I hate to use the term “at long last” when describing the launch of an eagerly anticipated model. What’s the rush? You’d think that it’s better to let creators take their time perfecting the end product? However, the unveiling of the Nissan Z Proto concept car certainly deserves that descriptor, even though it has been four months since it was first teased.
Nissan’s long-awaited sports car rebirth
If you aren’t aware, the fate of the 370Z’s successor has been swinging around more wildly than the leadership of a destabilised South American country. At first, it was to be an SUV, then it was to be all-electric. Rumours then said it may end up being both, or Nissan might just cancel the whole thing. Who was correct? Depends on which lieutenant of the regime you talked to, or maybe nobody was.
After the disastrous coup of Carlos Ghosn, which also implicated some of his detractors, Nissan is primed to move forward. Already there have been signs of life being injected into Nissan’s product line. Back in July, Nissan unveiled its new 290kW all-electric SUV, the Ariya. And with that out of the way, they started getting down to business on the next Z car.
Straying from the evolutionary path
Similar to my hopes for the company, the Z Proto serves as a hard reset to the Z car lineage. Unlike its Japanese performance contemporaries, Nissan’s Z car has always had a messy evolution.
The original Z, the 240Z of 1970, was a pretty-looking thing. Elegant, sporty, and classically proportioned. On looks alone, the 240Z had plenty going for it already. Coupled that with an attractive price tag for its class and the all-important “Japanese build quality”, and Nissan had an instant classic on its dealer courts.
Sadly, the 240Z’s success was its curse as Nissan dared not touch the styling despite needing to update it. Over the next nine years, 240Z was updated with bigger engines and bumpers, steadily watering down the original’s design purity.
The fall and return of the ‘Z cars’
From 1978. the Z moniker was replaced with the “ZX” designation with subsequent models adopting a 2+2 seater layout. Despite this change, its models were still recognised as being part of the Z car lineage.
After the discontinuation of the door-wedge shaped Z32 300ZX, Nissan hit the reset button to create the 350Z. Not only was the Z nameplate and two-seater configuration back, but many also hailed the 350Z’s shape as a return to the 240Z’s form.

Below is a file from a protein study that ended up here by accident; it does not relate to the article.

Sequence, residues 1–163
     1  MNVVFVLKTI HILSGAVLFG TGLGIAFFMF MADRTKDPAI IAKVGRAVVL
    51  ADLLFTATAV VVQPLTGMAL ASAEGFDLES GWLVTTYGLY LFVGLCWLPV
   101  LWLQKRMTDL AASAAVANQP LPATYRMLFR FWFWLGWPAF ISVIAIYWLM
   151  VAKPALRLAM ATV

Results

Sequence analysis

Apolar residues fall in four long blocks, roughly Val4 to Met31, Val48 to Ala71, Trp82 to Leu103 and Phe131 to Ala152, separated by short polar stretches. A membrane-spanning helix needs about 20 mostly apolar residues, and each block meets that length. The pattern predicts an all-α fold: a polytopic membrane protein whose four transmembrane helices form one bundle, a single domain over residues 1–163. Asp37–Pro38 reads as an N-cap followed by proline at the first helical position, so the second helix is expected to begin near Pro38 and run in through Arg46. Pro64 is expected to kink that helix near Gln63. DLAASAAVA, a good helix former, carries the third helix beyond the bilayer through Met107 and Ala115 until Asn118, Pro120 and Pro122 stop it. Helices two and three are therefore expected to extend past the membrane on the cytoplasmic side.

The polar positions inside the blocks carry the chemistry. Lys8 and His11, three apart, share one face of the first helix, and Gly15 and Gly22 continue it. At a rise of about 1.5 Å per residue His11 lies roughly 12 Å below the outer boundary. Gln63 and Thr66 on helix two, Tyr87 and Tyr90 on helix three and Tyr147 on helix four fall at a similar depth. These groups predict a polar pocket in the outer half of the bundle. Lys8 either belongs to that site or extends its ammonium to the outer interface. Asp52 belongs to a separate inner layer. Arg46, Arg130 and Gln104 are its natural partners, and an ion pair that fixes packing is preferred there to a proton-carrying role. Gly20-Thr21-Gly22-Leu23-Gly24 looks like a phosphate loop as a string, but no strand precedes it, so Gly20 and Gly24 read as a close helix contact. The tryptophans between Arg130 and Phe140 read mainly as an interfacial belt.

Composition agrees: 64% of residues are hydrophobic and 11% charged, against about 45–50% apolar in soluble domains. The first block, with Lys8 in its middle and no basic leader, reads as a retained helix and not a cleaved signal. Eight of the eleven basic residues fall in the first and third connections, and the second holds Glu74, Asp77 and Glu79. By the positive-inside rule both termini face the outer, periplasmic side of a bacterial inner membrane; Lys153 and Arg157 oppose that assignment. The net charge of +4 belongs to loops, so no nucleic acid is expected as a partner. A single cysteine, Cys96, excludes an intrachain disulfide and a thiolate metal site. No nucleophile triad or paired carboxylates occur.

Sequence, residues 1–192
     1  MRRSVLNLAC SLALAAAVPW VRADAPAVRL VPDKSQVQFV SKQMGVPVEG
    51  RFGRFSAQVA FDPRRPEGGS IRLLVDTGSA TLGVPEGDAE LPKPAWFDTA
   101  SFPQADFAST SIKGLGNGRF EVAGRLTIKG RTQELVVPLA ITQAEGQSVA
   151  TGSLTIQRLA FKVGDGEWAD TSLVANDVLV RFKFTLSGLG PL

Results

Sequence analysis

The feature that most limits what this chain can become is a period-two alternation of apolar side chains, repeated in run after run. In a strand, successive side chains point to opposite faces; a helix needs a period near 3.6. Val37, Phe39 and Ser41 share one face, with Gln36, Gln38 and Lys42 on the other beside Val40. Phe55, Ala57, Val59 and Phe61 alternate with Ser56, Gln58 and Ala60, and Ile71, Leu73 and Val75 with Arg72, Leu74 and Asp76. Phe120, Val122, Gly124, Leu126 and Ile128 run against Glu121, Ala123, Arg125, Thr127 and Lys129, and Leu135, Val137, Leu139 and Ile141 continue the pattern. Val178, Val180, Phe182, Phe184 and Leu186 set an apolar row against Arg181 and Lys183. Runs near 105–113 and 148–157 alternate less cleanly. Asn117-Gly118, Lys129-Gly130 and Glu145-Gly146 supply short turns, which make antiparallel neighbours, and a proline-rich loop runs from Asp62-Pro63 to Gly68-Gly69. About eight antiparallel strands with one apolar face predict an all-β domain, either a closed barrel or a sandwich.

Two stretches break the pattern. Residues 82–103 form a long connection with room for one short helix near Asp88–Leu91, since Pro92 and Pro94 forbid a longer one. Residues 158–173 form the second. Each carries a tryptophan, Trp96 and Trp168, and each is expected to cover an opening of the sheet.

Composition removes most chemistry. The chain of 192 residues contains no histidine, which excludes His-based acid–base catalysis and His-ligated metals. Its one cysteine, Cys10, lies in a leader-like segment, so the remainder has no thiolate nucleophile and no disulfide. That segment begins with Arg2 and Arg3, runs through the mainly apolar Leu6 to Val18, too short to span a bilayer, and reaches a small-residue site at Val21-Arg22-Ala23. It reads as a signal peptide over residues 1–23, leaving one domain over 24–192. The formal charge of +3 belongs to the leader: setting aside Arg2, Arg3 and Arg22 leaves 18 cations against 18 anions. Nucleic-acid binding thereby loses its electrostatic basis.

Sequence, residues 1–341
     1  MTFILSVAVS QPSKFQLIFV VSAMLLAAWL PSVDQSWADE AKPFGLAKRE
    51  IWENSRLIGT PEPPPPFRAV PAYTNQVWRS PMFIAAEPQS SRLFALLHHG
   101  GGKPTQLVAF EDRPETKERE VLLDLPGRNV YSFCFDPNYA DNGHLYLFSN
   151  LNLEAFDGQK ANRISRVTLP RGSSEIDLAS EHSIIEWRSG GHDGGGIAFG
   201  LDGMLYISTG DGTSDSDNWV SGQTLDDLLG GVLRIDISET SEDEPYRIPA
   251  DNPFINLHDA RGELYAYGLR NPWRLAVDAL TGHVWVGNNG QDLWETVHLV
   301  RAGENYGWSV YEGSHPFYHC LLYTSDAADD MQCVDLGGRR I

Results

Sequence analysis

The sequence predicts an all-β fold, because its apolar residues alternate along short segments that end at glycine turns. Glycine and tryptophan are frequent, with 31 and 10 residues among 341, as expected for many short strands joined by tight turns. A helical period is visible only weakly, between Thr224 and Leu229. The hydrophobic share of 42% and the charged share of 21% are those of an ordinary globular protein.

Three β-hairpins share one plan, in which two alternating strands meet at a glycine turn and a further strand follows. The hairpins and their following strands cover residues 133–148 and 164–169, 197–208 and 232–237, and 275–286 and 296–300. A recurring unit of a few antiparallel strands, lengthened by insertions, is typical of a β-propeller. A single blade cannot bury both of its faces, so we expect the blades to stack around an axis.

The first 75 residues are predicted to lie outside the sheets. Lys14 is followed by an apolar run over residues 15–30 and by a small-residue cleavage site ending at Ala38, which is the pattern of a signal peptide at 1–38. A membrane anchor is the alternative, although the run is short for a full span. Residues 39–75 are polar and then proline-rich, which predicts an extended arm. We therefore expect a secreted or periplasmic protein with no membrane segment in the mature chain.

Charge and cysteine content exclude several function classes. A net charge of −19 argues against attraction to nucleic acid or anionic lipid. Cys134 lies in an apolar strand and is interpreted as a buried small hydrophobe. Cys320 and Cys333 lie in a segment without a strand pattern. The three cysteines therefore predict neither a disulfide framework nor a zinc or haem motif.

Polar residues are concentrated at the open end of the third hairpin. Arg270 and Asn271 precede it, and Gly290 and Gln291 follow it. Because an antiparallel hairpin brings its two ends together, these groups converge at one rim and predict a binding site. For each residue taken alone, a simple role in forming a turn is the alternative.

That being all said, the bulk and bloat that plagued Nissan’s Z cars since the 1970s hadn’t entirely gone away. Though the 350Z was beefy, its 370Z successor went a little off the rails with wild lines and exaggerated hips.
It wasn’t long before people realised the 370Z had become the very thing the 350Z had sought to correct. The Z car was clearly in need of another reset. All this brings us to the current day with the Z Proto.
A fitting tribute to the original Z
From the outset, the Z Proto’s roofline, bonnet shape, and curves beneath the headlights harken back to the 240Z. It isn’t just “240Z and screw the rest” with its design ethos either. There are other design elements lifted from other Z cars as well, which was carefully integrated into the Z Proto.
The rear pillar takes its inspiration from the 370Z’s, the taillights pay homage to the Z32 300ZX, and its stance from the three-quarter front angle has a whiff of the 350Z about it. All in all, the Z Proto is a “greatest hits” tribute to best of the best Z cars.
While there is little to complain about its execution, the Z Proto isn’t quite as proportionately elegant the 240Z. However, that isn’t a critique of its designers but the engineering beneath.
It is said that the production Z Proto will adopt Infiniti’s 3-litre twin-turbo V6, which will be inherently shorter than the lengthy straight-six engine layout the original 240Z had. Nevertheless, picking on the bonnet length is in nit-picking territory. The Z Proto is certainly the most faithful adaptation of the original than the rest of the Z car lineage.
A promising preview of things to come
According to Nissan’s CEO, the Z Proto isn’t a concept car for corporate heads to ruminate over, but a “close to final” production model. Though a launch date for the production version is yet to be confirmed, other reports believe it will be destined for a 2022 launch.
At long last, after half a century Nissan might get around to recreating the 240Z for the 21st century. And at long last, I’ve been able to use that term for a car that truly deserves it.